Weed is legal in Canada — but a majority of pot users still want to keep it ‘hush hush’: Ipsos poll
Recreational marijuana is officially legal across the country. But despite it being allowed, more than half of Canadian pot users still would not tell people they get high.
According to an exclusive survey for Global News by Ipsos Reid, six in 10 respondents said they wouldn’t be comfortable using cannabis in public spaces and more than half indicated they do not plan on telling people they smoke it.
The survey also found that among cannabis users, women, people living in the Atlantic provinces, medical marijuana users and those aged 18-34 are more likely to say that even after pot legalization, they won’t be comfortable using it in public spaces.
“We’ve got a majority who say they won’t be comfortable using it in public spaces, and half of them don’t plan to tell people that they use it,” Jennifer McLeod Macey, vice-president at Ipsos Public Affairs, said.
“So there’s still stigma around it.”
McLeod said, “weed stereotypes” are so ingrained in society that it’s not going to just go away the day after legalization.
“Even if you look at all of the discussion since the announcement over a year ago, whether it be just talk around the water cooler or in various news channels or comment boards. There’s still a lot of chuckling and joking about who a user is, like making jokes about stoners or hippies,” she said.
She predicts that weed users won’t be as “hush hush” about it, but they may not talk about it widely because the dialogue around cannabis hasn’t really changed yet.
Simon Grigenas, the CEO of BRNT Designs (a high-end cannabis accessories company that makes things like ceramic bongs and concrete pipes) said although his business has been growing, the cannabis stigma remains.
“That’s our focus, leaving that stoner culture behind. I think over time that transition will be there and it will be no different than receiving a beautiful set of wine glasses,” he said.
Fighting back against the stigma
However, there are some pot users who said not only will they talk about it openly now that it’s legal, but they already have been vocal about weed for months.
Melissa, a geographer who lives in Winnipeg, said she started using medical marijuana — specifically CBD oil — this year to help cope with stress and anxiety.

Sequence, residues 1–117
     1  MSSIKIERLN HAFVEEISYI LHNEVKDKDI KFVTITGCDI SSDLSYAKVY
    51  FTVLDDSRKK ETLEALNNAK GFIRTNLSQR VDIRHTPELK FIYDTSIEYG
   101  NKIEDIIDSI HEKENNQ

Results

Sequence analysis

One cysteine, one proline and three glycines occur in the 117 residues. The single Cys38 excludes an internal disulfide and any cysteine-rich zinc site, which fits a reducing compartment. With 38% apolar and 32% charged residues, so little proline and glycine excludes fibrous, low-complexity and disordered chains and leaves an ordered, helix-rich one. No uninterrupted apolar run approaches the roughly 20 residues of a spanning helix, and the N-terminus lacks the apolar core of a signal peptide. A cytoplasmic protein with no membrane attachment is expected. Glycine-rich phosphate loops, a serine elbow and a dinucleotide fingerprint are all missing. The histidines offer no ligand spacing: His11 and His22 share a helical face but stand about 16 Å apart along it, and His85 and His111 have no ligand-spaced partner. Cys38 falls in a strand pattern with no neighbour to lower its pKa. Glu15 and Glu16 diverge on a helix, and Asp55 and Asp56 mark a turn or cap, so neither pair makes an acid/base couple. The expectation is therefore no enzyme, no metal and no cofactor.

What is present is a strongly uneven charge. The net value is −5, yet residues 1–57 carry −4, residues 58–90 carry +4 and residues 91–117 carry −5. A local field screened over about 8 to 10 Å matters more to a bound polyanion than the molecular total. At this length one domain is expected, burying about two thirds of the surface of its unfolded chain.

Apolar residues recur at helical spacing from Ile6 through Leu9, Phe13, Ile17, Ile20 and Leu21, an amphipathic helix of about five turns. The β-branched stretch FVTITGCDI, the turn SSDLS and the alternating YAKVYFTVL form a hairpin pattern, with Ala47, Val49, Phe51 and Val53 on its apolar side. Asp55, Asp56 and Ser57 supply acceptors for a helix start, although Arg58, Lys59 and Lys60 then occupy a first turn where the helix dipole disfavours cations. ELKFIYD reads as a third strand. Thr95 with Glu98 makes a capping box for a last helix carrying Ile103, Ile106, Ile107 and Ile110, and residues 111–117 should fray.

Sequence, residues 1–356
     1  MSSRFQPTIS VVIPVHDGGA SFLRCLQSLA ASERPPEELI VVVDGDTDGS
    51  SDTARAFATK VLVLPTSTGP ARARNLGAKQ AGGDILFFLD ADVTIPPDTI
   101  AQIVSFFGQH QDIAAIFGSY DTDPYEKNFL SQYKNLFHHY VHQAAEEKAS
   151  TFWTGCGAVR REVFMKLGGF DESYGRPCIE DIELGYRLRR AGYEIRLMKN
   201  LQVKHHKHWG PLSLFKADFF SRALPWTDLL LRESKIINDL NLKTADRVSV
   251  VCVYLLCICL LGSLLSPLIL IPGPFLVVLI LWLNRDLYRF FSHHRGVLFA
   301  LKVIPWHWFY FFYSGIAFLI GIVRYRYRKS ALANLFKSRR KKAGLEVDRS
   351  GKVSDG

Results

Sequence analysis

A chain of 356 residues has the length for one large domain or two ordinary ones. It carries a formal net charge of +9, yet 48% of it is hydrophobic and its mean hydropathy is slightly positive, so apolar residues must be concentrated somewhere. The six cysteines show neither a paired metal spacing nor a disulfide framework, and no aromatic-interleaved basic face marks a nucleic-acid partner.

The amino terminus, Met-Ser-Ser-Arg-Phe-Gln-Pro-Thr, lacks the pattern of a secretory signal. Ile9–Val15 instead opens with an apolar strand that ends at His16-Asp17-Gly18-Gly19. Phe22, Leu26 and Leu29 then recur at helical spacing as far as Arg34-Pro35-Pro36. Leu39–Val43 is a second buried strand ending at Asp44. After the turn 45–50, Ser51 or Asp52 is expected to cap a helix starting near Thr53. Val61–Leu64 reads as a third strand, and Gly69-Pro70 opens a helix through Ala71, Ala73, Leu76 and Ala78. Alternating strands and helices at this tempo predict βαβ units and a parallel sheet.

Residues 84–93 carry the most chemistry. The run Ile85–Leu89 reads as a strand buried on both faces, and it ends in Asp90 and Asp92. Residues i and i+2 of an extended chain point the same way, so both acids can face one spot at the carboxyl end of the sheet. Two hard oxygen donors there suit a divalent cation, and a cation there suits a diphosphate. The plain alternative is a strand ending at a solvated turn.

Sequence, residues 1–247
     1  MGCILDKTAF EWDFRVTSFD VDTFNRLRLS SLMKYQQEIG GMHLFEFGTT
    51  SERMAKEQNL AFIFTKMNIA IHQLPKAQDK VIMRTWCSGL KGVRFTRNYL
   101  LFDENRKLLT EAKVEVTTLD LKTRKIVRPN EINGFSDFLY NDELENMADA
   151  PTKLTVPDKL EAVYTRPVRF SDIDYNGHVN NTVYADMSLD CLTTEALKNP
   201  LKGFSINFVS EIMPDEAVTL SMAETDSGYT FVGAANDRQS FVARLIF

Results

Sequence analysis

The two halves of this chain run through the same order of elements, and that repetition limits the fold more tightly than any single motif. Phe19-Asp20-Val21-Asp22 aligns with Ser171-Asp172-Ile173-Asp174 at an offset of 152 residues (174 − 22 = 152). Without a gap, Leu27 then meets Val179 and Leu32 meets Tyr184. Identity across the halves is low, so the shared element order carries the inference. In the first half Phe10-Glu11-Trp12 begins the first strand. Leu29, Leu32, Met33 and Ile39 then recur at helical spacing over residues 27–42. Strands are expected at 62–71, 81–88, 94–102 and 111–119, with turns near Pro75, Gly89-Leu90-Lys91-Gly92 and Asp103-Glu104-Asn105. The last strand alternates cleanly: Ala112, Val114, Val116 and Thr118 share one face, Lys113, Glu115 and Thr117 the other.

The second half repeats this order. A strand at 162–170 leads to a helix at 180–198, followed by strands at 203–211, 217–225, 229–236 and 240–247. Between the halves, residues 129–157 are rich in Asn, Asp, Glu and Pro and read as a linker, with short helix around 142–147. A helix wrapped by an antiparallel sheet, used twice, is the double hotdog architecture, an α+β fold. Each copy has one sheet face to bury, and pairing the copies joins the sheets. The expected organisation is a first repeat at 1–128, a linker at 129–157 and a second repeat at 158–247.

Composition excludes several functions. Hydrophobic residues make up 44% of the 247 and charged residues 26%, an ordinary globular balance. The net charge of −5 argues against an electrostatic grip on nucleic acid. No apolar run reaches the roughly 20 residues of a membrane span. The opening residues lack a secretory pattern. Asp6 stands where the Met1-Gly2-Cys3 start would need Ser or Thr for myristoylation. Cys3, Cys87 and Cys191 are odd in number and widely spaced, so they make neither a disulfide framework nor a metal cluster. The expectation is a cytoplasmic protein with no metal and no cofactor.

“I got a medical prescription in March, and after that, was open about using cannabis because I had a positive experience,” she said.
Melissa said she told friends, family and colleagues about it, and because she was using it medically and responsibly, she had positive feedback.
She said now that recreational marijuana is legal, she hopes more people talk about the benefits of using it as a medicine and taking it responsibly, so there is less of a stigma.
Matt W., another Winnipegger, said he has been smoking pot for almost a decade now and has been very open about it.
“All my family knows. Some people at work know, and it’s sometimes joked about in management meetings,” he said. “Prior to this job I owned a business for six years and all of my employees and clients knew.”
Matt said he’s been surprised about how accepted it’s been. Besides getting the rare joke about being a “stoner,” he said, for the most part, he found that people who don’t use cannabis don’t really care.
“The biggest problem is the ignorance towards the effects of marijuana. I think some people who haven’t done it think it’s like an LSD trip and you’re going to end up doing meth … drinking is way more harmful and dangerous than weed, but 100 years of fear mongering has created a perception that we’re all gonna become brain dead on Oct. 17.”
Author: Katie Dangerfield National Online Journalist, Breaking News Global News
Exclusive Global News Ipsos polls are protected by copyright. The information and/or data may only be rebroadcast or republished with full and proper credit and attribution to “Global News Ipsos.”
This Ipsos poll on behalf of Global News was an online survey of 2,000 Canadians conducted between Oct. 5 and Oct. 9. The results were weighted to better reflect the composition of the adult Canadian population, according to census data. The precision of Ipsos online polls is measured using a credibility interval. In this case, the poll is considered accurate to within plus or minus 2.5 percentage points, 19 times out of 20.